Arthropathy in acromegaly: a questionnaire-based estimation of motor disability and its relation with quality of life and work productivity
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Arthropathy is a common and disabling complication of acromegaly. Since in this condition radiological findings rarely correspond to functional impairment, we elected to quantify in a large cohort of acromegalic patients: the degree of motor disability compared with data from general population, the impact of joint involvement on quality of life and work productivity, and to look for associated factors.
In 211 acromegalic patients, 131 with controlled disease and 80 with active disease, eight validated scales were used to evaluate the (i) prevalence and distribution of arthropathy, (ii) degree of motor disability and joint symptoms (VAS, AIMS symptoms and WOMAC), (iii) quality of life (AcroQoL and PASQ) and work capability (WPAI:GH) as consequences of joint complications.
Using the WOMAC questionnaire, for which population based normative values are available, a significantly higher prevalence and severity of motor disability was detected in acromegalics compared to the general population from literature. The results provided by the different questionnaires turned out to be highly concordant. All measures of motor disability correlated both with impaired quality of life and motor disability and were worse in females and in patients with higher BMI.
The questionnaires VAS, AIMS symptoms, and WOMAC (this latter both as a whole and with its functionality subscale), with their scores, proved to be the most adequate tools to evaluate motor disability and its consequences on both quality of life and work productivity in acromegaly. Female gender and higher BMI are associated with worse articular symptoms.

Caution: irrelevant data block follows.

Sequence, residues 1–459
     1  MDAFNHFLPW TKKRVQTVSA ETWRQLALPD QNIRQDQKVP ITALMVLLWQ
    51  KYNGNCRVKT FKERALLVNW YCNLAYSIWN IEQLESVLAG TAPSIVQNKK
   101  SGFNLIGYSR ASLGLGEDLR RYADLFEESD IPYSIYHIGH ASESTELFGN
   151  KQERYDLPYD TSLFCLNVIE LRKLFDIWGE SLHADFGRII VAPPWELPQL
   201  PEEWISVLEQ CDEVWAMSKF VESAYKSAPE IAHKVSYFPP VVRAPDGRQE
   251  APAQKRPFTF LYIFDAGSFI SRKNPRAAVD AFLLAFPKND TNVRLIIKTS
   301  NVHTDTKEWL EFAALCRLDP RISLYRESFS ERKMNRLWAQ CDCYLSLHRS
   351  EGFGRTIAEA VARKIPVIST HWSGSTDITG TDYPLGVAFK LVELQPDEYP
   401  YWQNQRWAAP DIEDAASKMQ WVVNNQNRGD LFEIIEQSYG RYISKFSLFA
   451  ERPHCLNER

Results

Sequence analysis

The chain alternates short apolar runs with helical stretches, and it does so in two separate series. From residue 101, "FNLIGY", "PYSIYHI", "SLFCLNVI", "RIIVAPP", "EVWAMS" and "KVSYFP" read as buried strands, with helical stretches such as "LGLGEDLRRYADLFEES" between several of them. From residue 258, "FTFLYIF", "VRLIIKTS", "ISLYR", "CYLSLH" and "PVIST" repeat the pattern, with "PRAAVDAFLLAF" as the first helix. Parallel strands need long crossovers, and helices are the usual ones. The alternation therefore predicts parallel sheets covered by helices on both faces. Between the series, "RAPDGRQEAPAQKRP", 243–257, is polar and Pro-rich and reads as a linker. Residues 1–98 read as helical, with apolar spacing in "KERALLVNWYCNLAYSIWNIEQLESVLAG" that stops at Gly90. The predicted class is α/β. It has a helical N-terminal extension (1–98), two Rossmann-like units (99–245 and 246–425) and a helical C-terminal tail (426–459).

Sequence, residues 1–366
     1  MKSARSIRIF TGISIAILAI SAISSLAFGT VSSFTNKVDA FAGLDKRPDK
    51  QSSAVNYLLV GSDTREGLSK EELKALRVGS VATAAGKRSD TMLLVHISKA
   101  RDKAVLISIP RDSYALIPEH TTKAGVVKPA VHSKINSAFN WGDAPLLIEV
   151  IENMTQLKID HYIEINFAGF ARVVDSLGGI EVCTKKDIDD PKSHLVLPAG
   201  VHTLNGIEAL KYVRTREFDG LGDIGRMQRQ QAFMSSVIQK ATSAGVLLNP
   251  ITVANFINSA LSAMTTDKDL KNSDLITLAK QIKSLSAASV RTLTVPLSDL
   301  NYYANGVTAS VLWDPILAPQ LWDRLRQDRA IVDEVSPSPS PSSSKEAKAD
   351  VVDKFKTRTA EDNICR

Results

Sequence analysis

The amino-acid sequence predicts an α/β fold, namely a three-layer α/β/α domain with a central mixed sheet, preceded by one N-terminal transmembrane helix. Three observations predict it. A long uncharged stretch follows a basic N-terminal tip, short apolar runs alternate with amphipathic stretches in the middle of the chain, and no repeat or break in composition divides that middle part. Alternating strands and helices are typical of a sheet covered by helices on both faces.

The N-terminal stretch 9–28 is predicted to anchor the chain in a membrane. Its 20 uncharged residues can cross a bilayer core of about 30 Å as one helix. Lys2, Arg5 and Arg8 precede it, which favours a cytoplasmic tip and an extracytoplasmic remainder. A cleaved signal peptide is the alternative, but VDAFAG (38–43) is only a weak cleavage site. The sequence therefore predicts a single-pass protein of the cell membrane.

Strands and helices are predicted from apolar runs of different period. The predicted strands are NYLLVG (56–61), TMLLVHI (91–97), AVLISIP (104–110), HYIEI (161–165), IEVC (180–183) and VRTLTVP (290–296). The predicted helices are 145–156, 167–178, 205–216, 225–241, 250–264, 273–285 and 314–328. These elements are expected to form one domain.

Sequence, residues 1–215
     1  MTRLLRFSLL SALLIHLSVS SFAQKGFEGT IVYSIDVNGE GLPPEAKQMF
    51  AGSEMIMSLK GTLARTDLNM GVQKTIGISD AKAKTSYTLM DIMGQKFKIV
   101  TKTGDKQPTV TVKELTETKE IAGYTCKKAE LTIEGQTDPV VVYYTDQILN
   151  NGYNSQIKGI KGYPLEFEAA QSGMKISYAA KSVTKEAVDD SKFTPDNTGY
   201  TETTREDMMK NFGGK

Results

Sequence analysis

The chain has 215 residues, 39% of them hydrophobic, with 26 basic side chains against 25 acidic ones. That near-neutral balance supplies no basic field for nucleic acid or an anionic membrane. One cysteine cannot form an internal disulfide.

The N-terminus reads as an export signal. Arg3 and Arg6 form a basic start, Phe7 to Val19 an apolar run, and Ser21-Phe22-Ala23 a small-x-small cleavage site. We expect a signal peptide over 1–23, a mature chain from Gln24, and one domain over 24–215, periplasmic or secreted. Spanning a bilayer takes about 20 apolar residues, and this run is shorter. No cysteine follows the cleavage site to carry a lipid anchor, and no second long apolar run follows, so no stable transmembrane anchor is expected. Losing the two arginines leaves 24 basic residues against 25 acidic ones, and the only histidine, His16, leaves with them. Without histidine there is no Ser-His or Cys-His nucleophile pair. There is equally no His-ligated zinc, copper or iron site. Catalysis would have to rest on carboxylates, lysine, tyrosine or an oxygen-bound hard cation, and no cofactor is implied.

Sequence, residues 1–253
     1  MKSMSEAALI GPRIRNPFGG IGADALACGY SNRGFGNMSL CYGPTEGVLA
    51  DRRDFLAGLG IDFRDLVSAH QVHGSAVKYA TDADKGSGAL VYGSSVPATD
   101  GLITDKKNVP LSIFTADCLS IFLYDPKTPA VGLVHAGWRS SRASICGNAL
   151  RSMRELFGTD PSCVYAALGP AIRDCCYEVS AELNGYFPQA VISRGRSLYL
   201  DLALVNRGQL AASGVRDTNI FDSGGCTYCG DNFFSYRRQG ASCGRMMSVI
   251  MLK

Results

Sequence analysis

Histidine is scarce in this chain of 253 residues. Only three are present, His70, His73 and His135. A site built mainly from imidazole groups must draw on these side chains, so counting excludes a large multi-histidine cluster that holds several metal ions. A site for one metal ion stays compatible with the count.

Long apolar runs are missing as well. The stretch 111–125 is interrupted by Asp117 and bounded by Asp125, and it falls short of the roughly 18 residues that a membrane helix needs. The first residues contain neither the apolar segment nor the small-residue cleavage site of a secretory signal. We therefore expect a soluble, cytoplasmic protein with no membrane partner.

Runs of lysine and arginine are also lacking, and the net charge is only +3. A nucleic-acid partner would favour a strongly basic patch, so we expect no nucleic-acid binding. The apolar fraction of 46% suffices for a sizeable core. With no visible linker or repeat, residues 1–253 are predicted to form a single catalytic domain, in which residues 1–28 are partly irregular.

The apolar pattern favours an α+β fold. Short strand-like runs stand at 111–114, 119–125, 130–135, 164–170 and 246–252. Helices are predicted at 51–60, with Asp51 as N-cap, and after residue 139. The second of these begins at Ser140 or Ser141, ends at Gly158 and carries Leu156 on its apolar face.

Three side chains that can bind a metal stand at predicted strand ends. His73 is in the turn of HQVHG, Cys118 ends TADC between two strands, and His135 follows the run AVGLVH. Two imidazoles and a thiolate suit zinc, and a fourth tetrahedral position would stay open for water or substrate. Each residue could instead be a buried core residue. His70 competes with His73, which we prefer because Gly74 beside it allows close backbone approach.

KeywordsAcromegaly Osteoarthritis Articular impairment Rehabilitation Gender Complication
This research did not receive any specific grant from any funding agency in the public, commercial or not-for-profit sector.
Compliance with ethical standards
Conflict of interest
The authors declare that there is no conflict of interest that could be perceived as prejudicing the impartiality of the research reported
Ethical approval and informed consent
The study was conducted in accordance with the ethical standards of the institutional and/or national research committee and with the 1964 Helsinki declaration and its later amendments or comparable ethical standards. The study was approved by the Ethic Committee of the coordinating institution (GR-2008-1137632), and all patients gave a written informed consent.
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